We’re here to help you painlessly place your order; we’ll assist you in understanding and confidently deciding which policy type is best for you. Our goal is to help you navigate toward options that make the most holistic sense for your business in terms of risk management, budgets and bringing you a personal sense of stability.

What Coverage Questions Should I Ask My Agent?

You want to make sure you get the best insurance coverage for your company. But what are the right questions to ask? Use the questions below as a jumping-off point for your discussions.

Is commercial insurance right for me? Business owners often believe they can skate by without insurance at the beginning. This can be a costly assumption. Even the smallest business should have adequate insurance coverage to cover any issues.

What types of coverage do I need? Every business has unique insurance needs. At minimum, most companies require property, workers’ compensation and general liability insurance. Your specific operations and type of industry will determine which other policies are needed for your business.

Is a business owner’s policy (BOP) a good idea for me? A BOP is a bundle of policies that provides basic coverage for businesses. You may be able to choose this package to save on insurance, but depending on your operations and type of business, you may need more coverage than what is in this starter policy.

What questions should I ask about property insurance? Ask how much insurance you will need to cover your commercial property. Be sure to have coverage for equipment, inventory and intellectual property.

What about policy limits? When you’re thinking of insurance, you should think of policy limits and how much the policy will pay out as a maximum. When considering policy limits, you should also be cognizant of whether the limits will be enough to cover true losses in the event of a catastrophic or major event.

Does an umbrella policy make sense for me? You may want to consider commercial umbrella insurance if a basic policy doesn’t give you sufficient coverage in certain circumstances. A commercial umbrella insurance policy extends your liability coverage when a basic policy falls short. For example, if you are found liable in a costly lawsuit, an umbrella policy will protect your assets.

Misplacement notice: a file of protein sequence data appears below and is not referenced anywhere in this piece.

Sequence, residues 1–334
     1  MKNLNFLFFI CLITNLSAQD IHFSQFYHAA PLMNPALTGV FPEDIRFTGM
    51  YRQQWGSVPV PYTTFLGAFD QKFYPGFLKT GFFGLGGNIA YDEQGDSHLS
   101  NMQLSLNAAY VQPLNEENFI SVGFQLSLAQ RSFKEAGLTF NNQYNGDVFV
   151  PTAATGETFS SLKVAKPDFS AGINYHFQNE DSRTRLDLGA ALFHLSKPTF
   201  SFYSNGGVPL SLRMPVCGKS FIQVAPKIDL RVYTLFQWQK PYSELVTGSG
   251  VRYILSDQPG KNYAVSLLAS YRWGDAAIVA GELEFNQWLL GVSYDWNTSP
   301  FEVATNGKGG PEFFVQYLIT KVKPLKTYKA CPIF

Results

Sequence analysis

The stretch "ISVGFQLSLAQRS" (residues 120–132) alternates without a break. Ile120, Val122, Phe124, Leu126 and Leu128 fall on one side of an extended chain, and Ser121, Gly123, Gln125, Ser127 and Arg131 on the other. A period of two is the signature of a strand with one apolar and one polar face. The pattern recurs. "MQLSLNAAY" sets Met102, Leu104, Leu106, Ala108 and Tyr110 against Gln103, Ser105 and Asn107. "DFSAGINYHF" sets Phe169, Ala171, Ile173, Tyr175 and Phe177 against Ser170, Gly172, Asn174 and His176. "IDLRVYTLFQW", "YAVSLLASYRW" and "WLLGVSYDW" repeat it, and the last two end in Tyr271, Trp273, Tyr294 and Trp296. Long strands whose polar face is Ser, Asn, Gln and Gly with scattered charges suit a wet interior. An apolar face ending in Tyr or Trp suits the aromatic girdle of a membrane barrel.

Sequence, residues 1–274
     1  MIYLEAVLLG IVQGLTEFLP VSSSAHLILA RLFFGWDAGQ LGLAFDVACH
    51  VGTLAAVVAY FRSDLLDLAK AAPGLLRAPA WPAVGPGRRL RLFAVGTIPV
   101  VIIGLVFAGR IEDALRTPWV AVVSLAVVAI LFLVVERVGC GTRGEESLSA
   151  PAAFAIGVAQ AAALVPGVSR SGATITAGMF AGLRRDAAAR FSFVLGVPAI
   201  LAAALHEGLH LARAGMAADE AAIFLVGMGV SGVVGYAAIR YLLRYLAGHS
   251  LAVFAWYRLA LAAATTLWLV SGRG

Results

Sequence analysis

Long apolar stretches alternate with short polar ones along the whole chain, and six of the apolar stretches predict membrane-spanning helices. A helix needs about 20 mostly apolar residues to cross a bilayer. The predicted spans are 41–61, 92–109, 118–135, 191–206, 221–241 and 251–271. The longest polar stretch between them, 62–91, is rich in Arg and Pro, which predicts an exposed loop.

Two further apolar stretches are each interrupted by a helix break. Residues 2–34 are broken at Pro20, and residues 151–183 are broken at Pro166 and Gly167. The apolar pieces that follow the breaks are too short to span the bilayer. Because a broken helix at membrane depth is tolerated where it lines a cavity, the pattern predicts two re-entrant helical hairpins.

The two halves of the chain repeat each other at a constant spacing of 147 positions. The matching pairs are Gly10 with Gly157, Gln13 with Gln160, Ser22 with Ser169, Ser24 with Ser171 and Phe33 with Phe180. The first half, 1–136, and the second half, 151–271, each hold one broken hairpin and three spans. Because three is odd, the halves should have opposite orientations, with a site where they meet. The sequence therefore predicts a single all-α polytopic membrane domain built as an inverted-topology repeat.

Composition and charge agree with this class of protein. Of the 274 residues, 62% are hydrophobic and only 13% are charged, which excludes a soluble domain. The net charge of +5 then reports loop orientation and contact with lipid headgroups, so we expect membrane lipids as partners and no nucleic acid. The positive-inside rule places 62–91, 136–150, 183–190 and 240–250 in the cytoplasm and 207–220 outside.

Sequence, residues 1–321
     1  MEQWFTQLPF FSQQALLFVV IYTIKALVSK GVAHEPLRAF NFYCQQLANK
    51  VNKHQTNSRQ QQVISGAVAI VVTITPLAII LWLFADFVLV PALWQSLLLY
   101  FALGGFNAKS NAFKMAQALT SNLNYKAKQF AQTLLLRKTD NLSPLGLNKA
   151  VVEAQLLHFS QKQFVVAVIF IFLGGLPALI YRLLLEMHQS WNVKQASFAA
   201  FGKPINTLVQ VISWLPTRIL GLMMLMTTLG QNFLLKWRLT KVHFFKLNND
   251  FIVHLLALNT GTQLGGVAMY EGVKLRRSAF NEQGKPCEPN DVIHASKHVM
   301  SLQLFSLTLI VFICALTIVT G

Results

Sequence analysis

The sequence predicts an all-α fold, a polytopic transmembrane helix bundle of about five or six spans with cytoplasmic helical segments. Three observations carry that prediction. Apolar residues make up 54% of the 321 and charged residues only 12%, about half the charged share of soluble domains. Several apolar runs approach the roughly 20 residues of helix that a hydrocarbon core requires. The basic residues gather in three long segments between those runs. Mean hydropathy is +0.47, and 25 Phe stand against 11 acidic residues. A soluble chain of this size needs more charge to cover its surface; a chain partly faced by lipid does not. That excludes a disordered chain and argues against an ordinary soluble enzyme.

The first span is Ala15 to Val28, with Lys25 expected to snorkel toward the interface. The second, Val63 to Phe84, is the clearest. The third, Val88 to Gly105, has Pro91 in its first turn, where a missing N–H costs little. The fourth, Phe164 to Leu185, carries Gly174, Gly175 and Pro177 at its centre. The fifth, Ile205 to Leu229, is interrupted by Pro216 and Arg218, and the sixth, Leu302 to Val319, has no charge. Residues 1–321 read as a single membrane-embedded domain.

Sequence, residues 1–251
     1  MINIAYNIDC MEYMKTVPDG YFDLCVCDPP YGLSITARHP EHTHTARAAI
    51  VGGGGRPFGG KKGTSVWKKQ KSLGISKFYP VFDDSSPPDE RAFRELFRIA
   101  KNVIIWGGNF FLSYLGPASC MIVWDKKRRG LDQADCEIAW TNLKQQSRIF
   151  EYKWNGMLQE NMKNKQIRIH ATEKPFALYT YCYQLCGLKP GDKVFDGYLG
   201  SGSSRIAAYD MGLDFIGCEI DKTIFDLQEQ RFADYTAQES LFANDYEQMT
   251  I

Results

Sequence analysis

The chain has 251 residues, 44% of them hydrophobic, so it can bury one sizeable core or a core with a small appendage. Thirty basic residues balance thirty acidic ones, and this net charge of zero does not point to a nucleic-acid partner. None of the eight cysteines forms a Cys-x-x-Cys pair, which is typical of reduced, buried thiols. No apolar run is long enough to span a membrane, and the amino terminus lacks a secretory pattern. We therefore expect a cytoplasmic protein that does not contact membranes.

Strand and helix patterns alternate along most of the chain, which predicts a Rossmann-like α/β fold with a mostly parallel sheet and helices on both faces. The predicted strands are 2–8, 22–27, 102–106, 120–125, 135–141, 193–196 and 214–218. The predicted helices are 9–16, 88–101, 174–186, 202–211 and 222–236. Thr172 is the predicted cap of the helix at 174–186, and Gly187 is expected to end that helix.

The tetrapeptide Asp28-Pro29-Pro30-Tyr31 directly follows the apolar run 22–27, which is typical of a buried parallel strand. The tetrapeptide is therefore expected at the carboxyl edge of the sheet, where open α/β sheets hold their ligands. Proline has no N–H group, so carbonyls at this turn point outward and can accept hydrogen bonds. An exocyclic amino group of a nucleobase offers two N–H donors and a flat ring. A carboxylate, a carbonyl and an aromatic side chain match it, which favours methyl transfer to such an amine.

What about the claims process? Knowing the proper steps to file a claim and who to contact with questions is key. Ask us about how this process works so you can know these details in advance. In the event you should need to file a claim, you will have a smoother experience.

What ways are there to pay? For coverage to commence, you must pay your insurance premium, either as a lump sum or in monthly installments. Both of these methods have their advantages. We can help you determine which is the best payment plan for your business.

How can I save money on my insurance premiums? Lowering your risk factors can help lower your premium. Two common solutions are employee training and security systems. We can provide you with additional tips for lowering premiums and reducing the number of claims.

These questions are a good place to start when determining your insurance needs. Our office is ready to help answer any more questions you may have and guide you to the best options for your business. Call or email us today.

What Is Errors and Omissions Insurance and Who Needs It?

When you think of insurance for your business, you may think of the more obvious policies, such as property insurance, workers’ compensation and general liability insurance. But if you provide a service to customers or clients, errors and omissions insurance is also a must.

What is errors and omissions insurance? Errors and omissions insurance, also known as E&O insurance and professional liability insurance, provides protection for your business from lawsuits that claim you made a mistake in your professional services. E&O insurance protects your business from claims of inaccurate advice, negligence, potential errors in services provided, misrepresentation, omissions or other applicable claims. This insurance can help cover your court costs, attorney’s fees and administrative costs to put your defense together. E&O insurance can also help cover settlements or judgments, which can be a few thousand to millions of dollars.